Generic structure The purpose of a biographical recount is to inform by retelling past events and achievements in a person’s life. The texts consist of three parts: a) Part 1: orientation It given the reader the background information as two why this person is Noteworthy and should have a biography written about the. The opening paragraph should answer the questions: who, what, where, when, and how. b) Part 2: series It presents a series of events, usually told in chronological order. Here the writer might refer to a certain time on line. c) Part 3: reorientation It consists of a type of conclusion with a comment on the contributions this person has made or a summary and evaluation of the person’s achievement. 2. a) b) c) d) Language Features A biographical recount uses specific names of the people involved in the biography. It is mainly written in simple past tense (the final paragraph could also include the present tense) A biographical recount also uses liking word to do with time. A biographical recount describes events, so it uses many verb or action verb.

Biographical Recount – Francis Greenway Francis Greenway was a famous convict who was born in England in 1777. His family were builders, stonemasons and architects. In 1809 Greenway became bankrupt and so he decided to forge a contract. As a result of this crime he was sentenced to transportation to New South Wales for 14 years. This was in 1812. Two years later, in 1814, he arrived in Sydney with a letter of recommendation from ex-governor Hunter. In response to this recommendation, a ticket-of-leave was granted to him and this enabled him to establish his own business as an architect. In March 1816 Greenway was appointed to the position of civil Architect and Assistant Engineer by Governor Macquarie. For his work he received a salary of 3 shillings (30c) per day. For six years Greenway designed and supervised the construction of many buildings which have since become part of Australia‘s colonial heritage. These include St. Matthew’s Church, Windsor; St Luke’s Church, Liverpool; St. James’ Church, Sydney; parts of Old Government House, Parramatta; Government House Stables (now the Conservatorium of Music), Sydney; the Old Hospital, Liverpool; and Hyde Park Barracks (in Macquarie Street, Sydney). The friendship between Macquarie and Greenway, however, did not last – one of the reasons was connected to Greenway’s salary. After Macquarie had been sent back to England, Greenway received only limited work from the new Governor, Brisbane. His temper did not help him to win friends or work. Before long, Greenway’s health began to fail and he fell into poverty. After his wife’s death he was tricked out of his property and, in 1837, at the age of sixty he died so poor that his grave did not have a headstone. Greenway has been described as stubborn, arrogant, temperamental and egotistical. Some even argue that his designs are mere copies and too extravagant. However, Greenway was also a man of great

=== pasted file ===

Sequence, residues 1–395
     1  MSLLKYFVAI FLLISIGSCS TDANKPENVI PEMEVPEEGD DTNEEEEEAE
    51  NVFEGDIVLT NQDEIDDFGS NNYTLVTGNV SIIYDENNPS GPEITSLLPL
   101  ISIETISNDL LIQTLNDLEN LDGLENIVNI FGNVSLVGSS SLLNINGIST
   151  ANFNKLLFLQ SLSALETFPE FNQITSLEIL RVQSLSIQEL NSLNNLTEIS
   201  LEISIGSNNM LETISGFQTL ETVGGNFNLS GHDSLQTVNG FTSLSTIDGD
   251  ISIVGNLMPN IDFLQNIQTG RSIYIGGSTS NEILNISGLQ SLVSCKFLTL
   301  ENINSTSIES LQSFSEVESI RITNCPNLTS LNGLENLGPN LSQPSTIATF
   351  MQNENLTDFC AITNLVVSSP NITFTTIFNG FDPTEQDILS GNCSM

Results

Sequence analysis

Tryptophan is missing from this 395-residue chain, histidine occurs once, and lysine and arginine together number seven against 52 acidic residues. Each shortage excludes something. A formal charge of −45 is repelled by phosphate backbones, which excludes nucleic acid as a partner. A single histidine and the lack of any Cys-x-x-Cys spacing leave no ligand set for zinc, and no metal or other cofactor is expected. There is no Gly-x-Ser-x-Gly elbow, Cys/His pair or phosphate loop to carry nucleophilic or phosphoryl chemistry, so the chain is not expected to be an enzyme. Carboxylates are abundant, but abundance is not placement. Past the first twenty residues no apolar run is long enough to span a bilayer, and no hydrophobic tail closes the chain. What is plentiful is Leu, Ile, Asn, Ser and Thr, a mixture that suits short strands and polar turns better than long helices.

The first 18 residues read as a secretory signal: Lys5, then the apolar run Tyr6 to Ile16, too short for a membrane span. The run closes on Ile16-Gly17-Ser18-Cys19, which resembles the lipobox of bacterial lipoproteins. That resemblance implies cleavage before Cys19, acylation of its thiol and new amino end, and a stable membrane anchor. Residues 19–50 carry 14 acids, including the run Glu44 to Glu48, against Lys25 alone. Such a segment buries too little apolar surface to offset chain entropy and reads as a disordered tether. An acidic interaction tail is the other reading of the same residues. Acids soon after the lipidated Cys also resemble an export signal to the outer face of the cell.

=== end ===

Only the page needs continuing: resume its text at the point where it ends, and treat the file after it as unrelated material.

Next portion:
ability, imagination and energy, and he is remembered by many people as Australia’s first architect. Most of his buildings are now part of Australia’s valued colonial heritage.